Over the past few days I posted the details (and some photos) of our trip to Costa Rica. Now's the time for some reflection.
First, for those who want to read the posts in chronological order:
My first thought is that Costa Rica lived up to its billing. Great climate and lush greenery everywhere. The people really are friendly. The cost of living is very low, and I can see why so many Americans retire there. We talked to one couple who travel to Costa Rica because it's cheaper than Mexico. Fancy restaurants in Costa Rica cost less than everyday sitdown restaurants here in Albany, and the food is excellent.
The petty crime problem is a turn-off. In most of the US you can park your car and not worry about someone breaking into it. In CR it's apparently so common that you're an idiot if you leave anything in your car. This is a challenge for a country that is relatively poor (compared to us) and that has an admirable practice of avoiding too much incarceration.
Costa Rica seems to have everything going for it - a good education system, great climate, and so much more. But while their economy is fairly strong by Central American standards, they're still way behind us and well behind Mexico.
So what's different about Costa Rica that holds its economy back? The first thing that comes to my mind is infrastructure. It stands out most when it comes to the roads. Imagine driving on a major highway and having to stop for a one-lane bridge. They have a lot of these in Costa Rica. Nearly all their roads are one-lane each way.
Here in the US (and in Europe and Japan as well) infrastructure makes all of us more productive. It is far easier to get to Boston from Albany (170 miles) than it is to get from San Jose to Jaco (73 miles). All the time that Ticos (the nickname for Costa Ricans) spend in cars is time they could spend being productive.
You see infrastructure take different forms in different places. Here in the US a lot of it is roads. In Japan and Europe you see extensive train networks. And that's just the transportation infrastructure. I've read about significant power outages in CR (though we didn't see any). Power outages are pretty rare in the US, and I don't remember any when I lived in Japan. That's an infrastructure issue.
When I complain about government wasting our money on this blog, I usually don't complain about infrastructure projects. There was the infamous bridge to nowhere in Alaska. But it's important to realize that infrastructure investment has strong benefits. It doesn't have to be built by the government. In fact, they are building a new road in CR to the Jaco area, and it's being done by a private consortium who will get their money back by charging a toll. This might be a better way. But even if it's built by the government, it's better than blowing that money on misguided wars or other boondoggles.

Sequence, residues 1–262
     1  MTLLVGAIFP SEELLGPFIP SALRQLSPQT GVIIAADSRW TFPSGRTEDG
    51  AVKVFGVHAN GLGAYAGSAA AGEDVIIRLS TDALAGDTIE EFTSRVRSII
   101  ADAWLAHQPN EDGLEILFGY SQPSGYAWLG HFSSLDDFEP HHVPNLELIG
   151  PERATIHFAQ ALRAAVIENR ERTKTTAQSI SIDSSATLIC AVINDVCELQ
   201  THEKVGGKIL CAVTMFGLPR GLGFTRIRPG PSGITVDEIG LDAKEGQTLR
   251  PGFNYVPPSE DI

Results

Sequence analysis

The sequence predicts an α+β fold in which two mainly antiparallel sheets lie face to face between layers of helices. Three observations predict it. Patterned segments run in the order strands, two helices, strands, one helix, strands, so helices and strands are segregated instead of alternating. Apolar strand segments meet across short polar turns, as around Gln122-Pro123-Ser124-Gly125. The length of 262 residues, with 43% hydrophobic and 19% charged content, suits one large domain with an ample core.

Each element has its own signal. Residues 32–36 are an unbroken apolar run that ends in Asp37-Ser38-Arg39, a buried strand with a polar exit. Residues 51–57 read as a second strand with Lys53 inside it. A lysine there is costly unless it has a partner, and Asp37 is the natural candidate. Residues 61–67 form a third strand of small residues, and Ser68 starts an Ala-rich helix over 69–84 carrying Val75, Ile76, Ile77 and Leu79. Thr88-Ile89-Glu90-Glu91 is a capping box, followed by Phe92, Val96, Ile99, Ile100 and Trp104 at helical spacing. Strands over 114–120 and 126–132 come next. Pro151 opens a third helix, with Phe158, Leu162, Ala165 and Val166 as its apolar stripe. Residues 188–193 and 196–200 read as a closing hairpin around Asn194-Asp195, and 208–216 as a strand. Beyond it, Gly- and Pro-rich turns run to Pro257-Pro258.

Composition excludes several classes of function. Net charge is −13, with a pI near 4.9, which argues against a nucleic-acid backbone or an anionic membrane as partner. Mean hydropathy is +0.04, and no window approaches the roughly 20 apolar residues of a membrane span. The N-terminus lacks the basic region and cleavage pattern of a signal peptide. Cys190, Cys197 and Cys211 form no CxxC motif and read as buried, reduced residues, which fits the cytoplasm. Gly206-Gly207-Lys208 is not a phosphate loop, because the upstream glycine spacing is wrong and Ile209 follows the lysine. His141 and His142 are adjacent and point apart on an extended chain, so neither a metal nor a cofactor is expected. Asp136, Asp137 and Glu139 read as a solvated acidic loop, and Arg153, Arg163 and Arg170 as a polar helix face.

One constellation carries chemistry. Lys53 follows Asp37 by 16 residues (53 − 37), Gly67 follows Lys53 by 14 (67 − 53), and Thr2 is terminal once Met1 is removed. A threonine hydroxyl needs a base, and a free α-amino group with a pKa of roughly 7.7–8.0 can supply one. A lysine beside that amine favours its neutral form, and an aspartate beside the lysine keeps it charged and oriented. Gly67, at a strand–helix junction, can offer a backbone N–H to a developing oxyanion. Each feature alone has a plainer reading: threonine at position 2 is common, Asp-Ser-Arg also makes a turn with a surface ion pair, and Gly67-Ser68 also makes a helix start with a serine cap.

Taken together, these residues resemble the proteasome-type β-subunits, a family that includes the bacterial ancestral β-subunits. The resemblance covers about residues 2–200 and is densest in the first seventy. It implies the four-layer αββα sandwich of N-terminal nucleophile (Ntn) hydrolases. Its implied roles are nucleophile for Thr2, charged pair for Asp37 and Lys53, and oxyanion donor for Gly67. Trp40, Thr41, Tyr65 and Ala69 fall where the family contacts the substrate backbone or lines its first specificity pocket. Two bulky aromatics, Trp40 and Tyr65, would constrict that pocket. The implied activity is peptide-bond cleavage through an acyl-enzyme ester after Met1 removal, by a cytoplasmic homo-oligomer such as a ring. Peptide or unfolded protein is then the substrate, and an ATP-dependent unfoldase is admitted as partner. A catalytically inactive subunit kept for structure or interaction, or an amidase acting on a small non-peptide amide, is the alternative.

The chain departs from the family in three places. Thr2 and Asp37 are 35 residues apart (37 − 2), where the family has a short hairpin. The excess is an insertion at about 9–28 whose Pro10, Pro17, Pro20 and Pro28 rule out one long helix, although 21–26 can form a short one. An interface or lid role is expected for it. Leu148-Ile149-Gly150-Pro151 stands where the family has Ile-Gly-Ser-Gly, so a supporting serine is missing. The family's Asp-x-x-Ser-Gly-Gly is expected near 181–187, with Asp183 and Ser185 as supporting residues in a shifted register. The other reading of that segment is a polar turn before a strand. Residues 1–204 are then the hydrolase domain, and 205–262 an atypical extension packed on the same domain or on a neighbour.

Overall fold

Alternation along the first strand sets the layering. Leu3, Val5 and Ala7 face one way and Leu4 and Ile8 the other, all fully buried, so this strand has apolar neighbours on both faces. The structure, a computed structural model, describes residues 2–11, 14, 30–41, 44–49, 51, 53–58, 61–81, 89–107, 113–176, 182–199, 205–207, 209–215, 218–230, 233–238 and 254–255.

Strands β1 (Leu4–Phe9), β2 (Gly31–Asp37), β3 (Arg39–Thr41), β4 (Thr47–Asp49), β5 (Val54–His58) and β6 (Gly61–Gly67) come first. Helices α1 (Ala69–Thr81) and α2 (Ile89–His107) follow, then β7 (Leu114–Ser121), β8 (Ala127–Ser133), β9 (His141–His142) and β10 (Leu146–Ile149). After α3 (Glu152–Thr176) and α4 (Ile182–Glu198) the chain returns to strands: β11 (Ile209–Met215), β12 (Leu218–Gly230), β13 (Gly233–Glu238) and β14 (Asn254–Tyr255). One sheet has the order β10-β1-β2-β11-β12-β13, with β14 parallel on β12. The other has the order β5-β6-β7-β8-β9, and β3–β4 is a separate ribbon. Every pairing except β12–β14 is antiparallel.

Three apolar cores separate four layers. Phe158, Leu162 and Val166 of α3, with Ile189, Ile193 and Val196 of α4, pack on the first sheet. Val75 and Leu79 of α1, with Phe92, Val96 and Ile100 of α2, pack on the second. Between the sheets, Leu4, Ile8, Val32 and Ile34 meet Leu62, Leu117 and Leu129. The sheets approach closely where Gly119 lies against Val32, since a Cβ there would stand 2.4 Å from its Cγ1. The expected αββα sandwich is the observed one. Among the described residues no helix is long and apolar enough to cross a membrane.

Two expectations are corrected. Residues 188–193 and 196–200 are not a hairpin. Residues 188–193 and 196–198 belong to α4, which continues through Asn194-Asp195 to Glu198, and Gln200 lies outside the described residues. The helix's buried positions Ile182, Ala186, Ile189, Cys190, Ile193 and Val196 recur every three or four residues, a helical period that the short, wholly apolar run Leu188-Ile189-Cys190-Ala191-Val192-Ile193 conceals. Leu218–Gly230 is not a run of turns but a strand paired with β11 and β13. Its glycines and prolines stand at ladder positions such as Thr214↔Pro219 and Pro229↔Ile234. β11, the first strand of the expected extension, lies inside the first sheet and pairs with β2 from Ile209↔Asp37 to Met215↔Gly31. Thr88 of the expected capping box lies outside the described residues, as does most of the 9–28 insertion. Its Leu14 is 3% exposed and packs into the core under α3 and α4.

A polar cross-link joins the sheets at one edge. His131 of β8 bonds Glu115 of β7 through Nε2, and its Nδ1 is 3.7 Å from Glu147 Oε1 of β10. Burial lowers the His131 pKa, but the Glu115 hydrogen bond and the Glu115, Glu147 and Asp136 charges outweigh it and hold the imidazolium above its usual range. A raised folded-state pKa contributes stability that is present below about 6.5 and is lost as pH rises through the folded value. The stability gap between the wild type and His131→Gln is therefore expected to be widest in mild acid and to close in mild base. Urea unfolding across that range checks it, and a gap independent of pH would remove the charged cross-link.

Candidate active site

I also get the sense that the "rule of law" is not followed as tightly as it generally is here in the US. I used to work for the Honorable Robert P. Best, a Justice of the Supreme Court in Fulton County. On Law Day (May 1st) he would talk about the importance of the rule of law. As I grow older and learn more in life, Judge Best just keeps getting smarter.
Having sensible laws that are enforced in a consistent manner is a very important trait of a civilized society. When people are subject to arbitrary government, they are less willing to invest and make plans for the future.
Back to Costa Rica, I really wanted to go to the northwestern part of the country, to visit the Guanacaste coast (near the Papagayo Peninsula) and also to the Arenal area (a nice lake and an active volcano). But that would have been difficult for a short trip starting from San Jose. There is a closer international airport in Liberia, but it's not easy to get to that airport from Albany. If and when we go again, we will fly into Liberia and see that part of the country.
Some other thoughts:
- I was a bit surprised about how pedestrians walk so close to traffic. Seems very unsafe. We would see someone walking with a very small child, perhaps 2 or 3 years old, and the kid would be walking right on the edge of a narrow road. I think there are a lot of car-pedestrian accidents and those are the most deadly. Not sure how easy it would be, but I suspect CR would be better off if they improved pedestrian safety, both through education and widening roads.
- We saw a lot of dogs, especially small dogs. Not sure why, but I'm guessing they provide some degree of security, barking in case someone tries to break into your house.
- I read an article in the November 7 Tico Times called "Disarming Young Ticos". If I remember correctly, there are less than 50 juveniles incarcerated in this country of 5 million people. That's amazing in contrast to the US, where we probably have more than that in Albany County (population less than 500,000). The US grossly overuses incarceration as a policy tool. Will we ever find our way out of this trap?
Do you have any thoughts about Costa Rica? Please post your comments.